His satire is meant to bite. Coolly dispassionate readings of Swift are not common, and hardly possible. For a writer who described human life to Pope as 'a ridiculous tragedy, which is the worst kind of composition' (20 April 1731, Correspondence, ed. Woolley, 3.915), it is hardly surprising that paradoxes are characteristic of his writing and of responses to it. Of all the works of eighteenth-century English literature, it is probably Gulliver's Travels that is the best-known and most widely read today. Its printed and visual representations, always more or less censored, have been universally popular with younger readers. It was the subject of one of the first fully animated colour films ever made (director Dave Fleischer, Paramount, 1939), and there have been later film versions: in 1959 (Three Worlds of Gulliver); in 1976 (Gulliver's Travels: a live action and animation version aimed at children, and starring Richard Harris); and in 1995 as a television mini-series, not aimed at children.

Past and recent biographers have responded to a darker side of Swift. One has written of Swift and the modern imagination: 'He left us with the carefully cultivated image of a lonely misanthrope, chiselling his savage indignation on his tombstone, and leaving, as his benefactions to mankind, a privy and a madhouse' (Nokes, 413). Yet he is one of the very best letter-writers in English, and his correspondence speaks of a vivid and intensely sociable engagement with the public and private worlds about him. His poetry—raucous, acerbic, challenging, amusing, and occasionally moving—includes the most vivid representation of the human voice in any contemporary poetry. Together the letters and poems constitute an autobiography of the man. His work has provoked strong responses from each generation of readers, and he is one of those writers whose effect on our minds and imagination will not go away. In the words of a fellow Irishman, who also believed that Swift was the founding figure in Irish political nationalism, 'Swift haunts me; he is always just around the next corner' (W. B. Yeats, The Words upon the Window-Pane, 1934).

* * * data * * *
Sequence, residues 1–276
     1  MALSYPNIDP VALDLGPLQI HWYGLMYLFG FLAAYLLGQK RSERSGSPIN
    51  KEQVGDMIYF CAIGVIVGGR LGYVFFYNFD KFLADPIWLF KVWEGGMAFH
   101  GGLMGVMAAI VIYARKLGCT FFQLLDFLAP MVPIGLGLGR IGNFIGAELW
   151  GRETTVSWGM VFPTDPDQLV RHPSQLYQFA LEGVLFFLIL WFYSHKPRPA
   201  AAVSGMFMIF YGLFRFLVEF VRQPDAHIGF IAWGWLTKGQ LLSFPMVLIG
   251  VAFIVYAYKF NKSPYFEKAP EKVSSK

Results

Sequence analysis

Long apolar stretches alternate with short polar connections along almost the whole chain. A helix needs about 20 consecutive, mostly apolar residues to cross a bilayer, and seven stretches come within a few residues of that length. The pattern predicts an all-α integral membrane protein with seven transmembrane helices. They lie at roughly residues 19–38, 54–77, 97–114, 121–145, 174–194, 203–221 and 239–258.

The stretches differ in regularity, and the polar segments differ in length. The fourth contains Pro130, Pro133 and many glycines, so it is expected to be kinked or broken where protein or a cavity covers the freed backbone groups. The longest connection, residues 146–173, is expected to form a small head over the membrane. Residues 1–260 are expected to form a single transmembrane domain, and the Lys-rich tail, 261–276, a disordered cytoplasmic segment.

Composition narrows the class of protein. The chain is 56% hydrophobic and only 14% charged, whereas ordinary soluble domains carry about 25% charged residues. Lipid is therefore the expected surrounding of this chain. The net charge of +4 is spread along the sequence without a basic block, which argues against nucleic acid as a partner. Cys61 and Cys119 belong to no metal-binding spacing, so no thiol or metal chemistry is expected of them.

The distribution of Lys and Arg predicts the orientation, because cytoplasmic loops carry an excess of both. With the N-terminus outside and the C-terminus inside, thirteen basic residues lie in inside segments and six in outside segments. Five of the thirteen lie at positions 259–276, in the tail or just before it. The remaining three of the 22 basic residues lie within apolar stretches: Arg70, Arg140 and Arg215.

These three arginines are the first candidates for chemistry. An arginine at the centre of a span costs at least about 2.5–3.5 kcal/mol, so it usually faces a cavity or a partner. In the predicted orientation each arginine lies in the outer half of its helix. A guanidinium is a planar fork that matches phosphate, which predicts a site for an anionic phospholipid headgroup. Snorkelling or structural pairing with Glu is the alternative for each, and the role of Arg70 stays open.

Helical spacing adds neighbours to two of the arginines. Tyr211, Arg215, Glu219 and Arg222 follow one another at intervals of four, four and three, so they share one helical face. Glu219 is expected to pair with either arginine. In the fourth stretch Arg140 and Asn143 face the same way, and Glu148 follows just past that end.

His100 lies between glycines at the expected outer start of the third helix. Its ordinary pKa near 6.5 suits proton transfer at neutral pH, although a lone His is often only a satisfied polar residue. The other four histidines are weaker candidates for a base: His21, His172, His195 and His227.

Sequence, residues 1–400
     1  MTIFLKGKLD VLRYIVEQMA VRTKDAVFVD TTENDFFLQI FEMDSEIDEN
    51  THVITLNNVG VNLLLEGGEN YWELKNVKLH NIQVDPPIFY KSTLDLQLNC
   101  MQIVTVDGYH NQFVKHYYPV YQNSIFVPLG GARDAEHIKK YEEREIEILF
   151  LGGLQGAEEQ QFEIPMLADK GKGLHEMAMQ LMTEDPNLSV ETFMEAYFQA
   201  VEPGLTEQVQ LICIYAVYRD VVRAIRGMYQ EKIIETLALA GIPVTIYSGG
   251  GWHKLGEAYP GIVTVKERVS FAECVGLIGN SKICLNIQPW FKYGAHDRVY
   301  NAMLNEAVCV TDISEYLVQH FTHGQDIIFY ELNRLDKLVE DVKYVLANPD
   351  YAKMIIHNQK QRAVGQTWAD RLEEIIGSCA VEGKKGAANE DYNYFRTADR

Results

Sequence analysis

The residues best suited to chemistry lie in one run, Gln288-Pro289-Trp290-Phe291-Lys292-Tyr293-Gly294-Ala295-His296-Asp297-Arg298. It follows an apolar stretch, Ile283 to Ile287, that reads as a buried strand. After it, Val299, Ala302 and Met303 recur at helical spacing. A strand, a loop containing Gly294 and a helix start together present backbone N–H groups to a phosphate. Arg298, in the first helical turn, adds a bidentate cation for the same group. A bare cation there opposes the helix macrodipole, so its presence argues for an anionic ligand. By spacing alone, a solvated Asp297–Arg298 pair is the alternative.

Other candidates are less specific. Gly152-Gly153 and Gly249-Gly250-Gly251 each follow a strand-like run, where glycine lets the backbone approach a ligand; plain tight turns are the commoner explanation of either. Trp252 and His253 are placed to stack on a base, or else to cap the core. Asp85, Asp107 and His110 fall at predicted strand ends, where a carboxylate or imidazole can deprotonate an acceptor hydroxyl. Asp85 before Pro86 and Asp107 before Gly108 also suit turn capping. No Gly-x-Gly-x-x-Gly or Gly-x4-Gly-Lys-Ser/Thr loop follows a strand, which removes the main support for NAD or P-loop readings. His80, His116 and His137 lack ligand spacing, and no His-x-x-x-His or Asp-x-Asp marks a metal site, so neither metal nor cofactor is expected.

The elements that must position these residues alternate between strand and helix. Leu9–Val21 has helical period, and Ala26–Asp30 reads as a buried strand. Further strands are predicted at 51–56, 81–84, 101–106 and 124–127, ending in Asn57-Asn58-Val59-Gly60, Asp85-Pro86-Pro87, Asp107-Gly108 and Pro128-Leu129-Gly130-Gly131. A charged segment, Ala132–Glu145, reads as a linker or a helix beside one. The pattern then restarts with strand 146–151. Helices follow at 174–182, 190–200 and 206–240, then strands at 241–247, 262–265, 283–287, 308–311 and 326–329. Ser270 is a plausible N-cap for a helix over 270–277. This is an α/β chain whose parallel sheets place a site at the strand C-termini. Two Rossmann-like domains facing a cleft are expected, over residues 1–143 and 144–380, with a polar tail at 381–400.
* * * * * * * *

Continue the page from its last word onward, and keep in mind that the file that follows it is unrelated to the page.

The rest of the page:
• The correspondence of Jonathan Swift, ed. H. Williams, 5 vols. (1963–5)
  • The correspondence of Jonathan Swift, ed. D. Woolley, 4 vols. (1999–2004)
  • I. Ehrenpreis, Swift: the man, his works and the age, 3 vols. (1962–83)
  • The poems of Jonathan Swift, ed. H. Williams, 2nd edn, 3 vols. (1958)
  • D. Johnston, In search of Swift (1959)
  • L. A. Landa, Swift and the Church of Ireland (1954)
  • J. Swift, Journal to Stella, ed. H. Williams, 2 vols. (1948)
  • ‘Family of Swift (1728–38)’, The prose works of Jonathan Swift, 5: Miscellaneous and autobiographical pieces, fragments and marginalia, ed. H. Davis (1962), 187–95